Background Information
Performer Bios

Poet/Composer Bios

Additional Information

Biographies of Performers: Main Page | A | B | C | D | E | F | G | H | I | J | K | L | M | N | O | P | Q | R | S | T | U | V | W | X | Y | Z | Explanation | Acronyms

Bruno Kittel (Choral Conductor, Violin)

Born: May 26, 1870 - Entenbruch, near Posen, Germany
Died: March 10, 1948 - Wasserberg, near Cologne, Germany

The German violinist and choral conductor, Bruno Kittel, studied in Berlin and played in theatre orchestras there.

From 1901 to 1907 Bruno Kittel was conductor of the Royal Theater Orchestra in Brandenburg. He was also director of the Brandenburg Conservatory until 1914. In 1902 he established the Kittelsche Chor, which quickly developed into one of the finest choral societies of Europe, and with which he made many tours. He was director of the Stern Conservatory in Berlin from 1935 to 1945.

Bruno Kittel occupied a leading place in Europe during the first half of the 20th century. He is also known for his work with conductors Oscar Fried and Wilhelm Furtwängler (the Berlin 1942 edition of L.v. Beethoven's 9th Symphony is a robust performance that also includes the soprano Tilla Briem). Notwithstanding limited sonics, the 1941 recording of Mozart's Requiem is a moving account; heightened by elite-status choral singing and by the masterly orchestral control of the Berliner Philharmoniker, the tableau is not complete without the very good - and sometimes impressive - soloists. This album discloses a trailblazing account of Mozart's justly famous Requiem. Kittel's is a classic reading of this masterpiece: Power, tension and the heavenly sense of a tragic era, but not without an unmistakable mozartian temperament. Kittel also produced some Bach, including a very good version of the St. Matthew Passion (BWV 244). This recording of the Requiem is meaningful because it is one of the first studio recordings (maybe the very first) of the work. It also documents music making during the nazi regime. The somewhat somber light of the work is well reflected by this performance, and despite the precarious quality of sound we do hear a certain amount of details.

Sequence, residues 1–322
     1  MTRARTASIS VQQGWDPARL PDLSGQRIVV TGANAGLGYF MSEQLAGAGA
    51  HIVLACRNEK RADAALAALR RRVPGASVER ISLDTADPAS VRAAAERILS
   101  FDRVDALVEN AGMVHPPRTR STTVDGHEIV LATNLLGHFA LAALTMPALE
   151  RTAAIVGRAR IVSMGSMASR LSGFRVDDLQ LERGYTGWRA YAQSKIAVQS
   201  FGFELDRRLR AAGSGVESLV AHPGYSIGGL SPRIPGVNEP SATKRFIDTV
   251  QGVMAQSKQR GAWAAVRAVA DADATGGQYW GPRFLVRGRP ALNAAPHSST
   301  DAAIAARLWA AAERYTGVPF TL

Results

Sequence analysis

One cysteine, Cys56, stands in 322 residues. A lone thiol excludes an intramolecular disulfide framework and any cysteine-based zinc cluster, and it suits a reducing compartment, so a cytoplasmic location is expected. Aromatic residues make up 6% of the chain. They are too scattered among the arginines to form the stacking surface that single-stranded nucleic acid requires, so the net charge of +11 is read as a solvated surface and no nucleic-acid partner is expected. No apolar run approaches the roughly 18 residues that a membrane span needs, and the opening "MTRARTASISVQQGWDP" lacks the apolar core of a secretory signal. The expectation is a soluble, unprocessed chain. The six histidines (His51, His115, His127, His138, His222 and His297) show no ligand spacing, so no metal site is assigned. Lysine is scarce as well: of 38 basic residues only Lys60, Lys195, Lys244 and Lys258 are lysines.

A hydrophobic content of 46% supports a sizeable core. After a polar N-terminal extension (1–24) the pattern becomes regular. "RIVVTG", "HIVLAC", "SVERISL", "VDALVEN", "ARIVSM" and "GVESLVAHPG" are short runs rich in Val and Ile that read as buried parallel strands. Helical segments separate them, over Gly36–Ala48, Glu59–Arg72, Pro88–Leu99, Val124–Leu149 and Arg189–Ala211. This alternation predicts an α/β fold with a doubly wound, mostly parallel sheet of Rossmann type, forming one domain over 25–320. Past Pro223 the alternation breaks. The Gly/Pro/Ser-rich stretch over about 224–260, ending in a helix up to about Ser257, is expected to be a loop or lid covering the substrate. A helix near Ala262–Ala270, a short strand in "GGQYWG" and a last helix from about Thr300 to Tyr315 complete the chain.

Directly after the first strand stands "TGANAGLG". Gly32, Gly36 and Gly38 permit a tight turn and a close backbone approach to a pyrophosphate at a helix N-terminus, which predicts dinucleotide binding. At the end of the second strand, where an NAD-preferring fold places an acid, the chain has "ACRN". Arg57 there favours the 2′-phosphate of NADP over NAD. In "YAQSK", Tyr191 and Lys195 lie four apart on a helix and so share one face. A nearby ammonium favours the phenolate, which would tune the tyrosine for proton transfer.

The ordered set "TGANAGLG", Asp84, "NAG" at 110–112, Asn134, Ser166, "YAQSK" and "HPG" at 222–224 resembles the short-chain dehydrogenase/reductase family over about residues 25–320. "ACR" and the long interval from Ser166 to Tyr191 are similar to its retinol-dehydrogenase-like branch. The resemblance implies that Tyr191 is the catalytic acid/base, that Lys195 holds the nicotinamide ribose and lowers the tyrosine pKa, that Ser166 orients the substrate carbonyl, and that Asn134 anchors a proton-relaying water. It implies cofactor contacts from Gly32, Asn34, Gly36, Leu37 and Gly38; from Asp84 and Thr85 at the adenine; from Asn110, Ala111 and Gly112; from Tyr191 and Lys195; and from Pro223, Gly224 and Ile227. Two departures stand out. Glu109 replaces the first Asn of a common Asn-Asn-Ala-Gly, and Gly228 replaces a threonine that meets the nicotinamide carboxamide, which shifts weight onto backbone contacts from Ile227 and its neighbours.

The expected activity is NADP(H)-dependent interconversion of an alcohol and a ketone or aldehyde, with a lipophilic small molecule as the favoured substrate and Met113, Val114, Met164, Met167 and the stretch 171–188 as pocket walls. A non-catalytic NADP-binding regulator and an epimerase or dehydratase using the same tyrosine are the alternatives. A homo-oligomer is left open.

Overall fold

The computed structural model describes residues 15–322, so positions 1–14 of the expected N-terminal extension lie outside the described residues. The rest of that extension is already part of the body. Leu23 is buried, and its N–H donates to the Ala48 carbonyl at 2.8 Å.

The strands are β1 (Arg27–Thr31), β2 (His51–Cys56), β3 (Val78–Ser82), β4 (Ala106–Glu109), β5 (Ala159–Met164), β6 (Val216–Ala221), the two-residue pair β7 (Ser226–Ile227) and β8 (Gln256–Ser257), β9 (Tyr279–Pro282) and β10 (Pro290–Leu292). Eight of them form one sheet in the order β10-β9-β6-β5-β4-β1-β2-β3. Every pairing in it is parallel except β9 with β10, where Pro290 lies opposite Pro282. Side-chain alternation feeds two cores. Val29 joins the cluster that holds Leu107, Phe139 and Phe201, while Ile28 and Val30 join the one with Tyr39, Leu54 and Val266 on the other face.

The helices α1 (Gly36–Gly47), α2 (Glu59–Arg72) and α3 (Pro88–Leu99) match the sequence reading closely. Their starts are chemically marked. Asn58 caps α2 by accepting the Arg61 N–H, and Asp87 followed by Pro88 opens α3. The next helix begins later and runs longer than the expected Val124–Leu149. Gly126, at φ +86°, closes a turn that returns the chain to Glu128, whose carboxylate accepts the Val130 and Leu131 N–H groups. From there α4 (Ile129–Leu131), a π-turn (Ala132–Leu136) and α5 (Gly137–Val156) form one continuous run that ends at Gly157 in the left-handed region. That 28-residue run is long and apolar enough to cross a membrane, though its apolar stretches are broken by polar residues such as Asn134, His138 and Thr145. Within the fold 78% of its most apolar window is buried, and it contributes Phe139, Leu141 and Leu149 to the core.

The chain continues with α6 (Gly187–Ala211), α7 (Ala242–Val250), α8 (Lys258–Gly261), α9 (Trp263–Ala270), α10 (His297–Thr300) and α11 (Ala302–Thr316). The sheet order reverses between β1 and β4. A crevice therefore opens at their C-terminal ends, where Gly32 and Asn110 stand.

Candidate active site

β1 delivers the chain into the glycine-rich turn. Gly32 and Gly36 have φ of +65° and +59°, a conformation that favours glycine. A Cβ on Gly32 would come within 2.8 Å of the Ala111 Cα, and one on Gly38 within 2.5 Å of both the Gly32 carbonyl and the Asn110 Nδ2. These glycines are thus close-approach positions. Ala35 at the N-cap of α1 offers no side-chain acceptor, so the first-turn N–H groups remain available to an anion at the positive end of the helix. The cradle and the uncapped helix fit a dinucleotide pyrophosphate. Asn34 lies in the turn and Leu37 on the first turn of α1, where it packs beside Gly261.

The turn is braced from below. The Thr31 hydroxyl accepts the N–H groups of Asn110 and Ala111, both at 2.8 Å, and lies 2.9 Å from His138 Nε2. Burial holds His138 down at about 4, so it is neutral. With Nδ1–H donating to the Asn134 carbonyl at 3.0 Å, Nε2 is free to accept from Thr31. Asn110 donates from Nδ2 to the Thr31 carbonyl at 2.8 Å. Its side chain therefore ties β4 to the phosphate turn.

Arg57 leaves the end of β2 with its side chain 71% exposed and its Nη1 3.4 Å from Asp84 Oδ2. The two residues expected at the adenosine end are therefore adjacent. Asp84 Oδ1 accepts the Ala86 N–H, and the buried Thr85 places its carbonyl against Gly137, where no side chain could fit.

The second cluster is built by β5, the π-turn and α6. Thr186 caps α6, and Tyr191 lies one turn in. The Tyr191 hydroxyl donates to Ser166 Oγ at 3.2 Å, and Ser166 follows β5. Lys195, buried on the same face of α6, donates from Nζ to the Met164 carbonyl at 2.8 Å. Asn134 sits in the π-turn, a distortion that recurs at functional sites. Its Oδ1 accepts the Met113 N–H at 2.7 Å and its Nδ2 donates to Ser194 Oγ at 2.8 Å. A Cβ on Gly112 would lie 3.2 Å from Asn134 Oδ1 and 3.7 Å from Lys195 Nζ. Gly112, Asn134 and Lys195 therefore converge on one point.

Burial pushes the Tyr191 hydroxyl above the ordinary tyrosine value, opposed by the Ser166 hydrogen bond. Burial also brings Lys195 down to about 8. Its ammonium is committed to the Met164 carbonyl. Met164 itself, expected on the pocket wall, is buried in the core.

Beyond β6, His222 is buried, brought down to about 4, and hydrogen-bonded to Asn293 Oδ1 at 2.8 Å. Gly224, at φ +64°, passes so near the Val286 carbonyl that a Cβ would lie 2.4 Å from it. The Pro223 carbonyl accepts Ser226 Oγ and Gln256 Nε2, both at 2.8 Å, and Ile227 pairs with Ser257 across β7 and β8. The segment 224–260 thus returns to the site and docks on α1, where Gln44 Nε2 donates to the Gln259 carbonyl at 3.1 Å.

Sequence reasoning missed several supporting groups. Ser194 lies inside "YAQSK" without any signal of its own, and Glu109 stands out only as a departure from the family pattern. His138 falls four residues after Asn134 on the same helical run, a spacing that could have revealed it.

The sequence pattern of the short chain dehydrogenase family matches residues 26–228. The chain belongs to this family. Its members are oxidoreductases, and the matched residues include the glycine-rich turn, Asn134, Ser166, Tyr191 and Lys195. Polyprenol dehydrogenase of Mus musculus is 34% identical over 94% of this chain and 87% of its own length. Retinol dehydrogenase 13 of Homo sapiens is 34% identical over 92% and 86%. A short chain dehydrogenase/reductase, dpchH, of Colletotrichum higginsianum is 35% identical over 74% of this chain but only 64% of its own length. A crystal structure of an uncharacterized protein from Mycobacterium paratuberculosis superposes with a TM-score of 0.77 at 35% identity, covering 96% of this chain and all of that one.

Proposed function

Source: Bakerís Biographical Dictionary of 20th Century Classical Musicians (1997); Customer review of W.A. Mozartís Requiem in Amazon
Contributed by
Aryeh Oron (February 2002, March 2013)

Bruno Kittel: Short Biography | Recordings of Vocal Works

Links to other Sites


Terms of Use | Privacy Policy | Copyright Policy | © 2000-2015 Bach Cantatas Website

Biographies of Performers: Main Page | A | B | C | D | E | F | G | H | I | J | K | L | M | N | O | P | Q | R | S | T | U | V | W | X | Y | Z | Explanation | Acronyms

Introduction | Cantatas | Other Vocal | Instrumental | Performers | General Topics | Articles | Books | Movies | New
Biographies | Texts & Translations | Scores | References | Commentaries | Music | Concerts | Festivals | Tour | Art & Memorabilia
Chorale Texts | Chorale Melodies | Lutheran Church Year | Readings | Poets & Composers | Arrangements & Transcriptions
Search Website | Search Works/Movements | Terms & Abbreviations | How to contribute | Sitemap | Links


Back to the Top

Last update: żMarch 18, 2013 ż17:53:56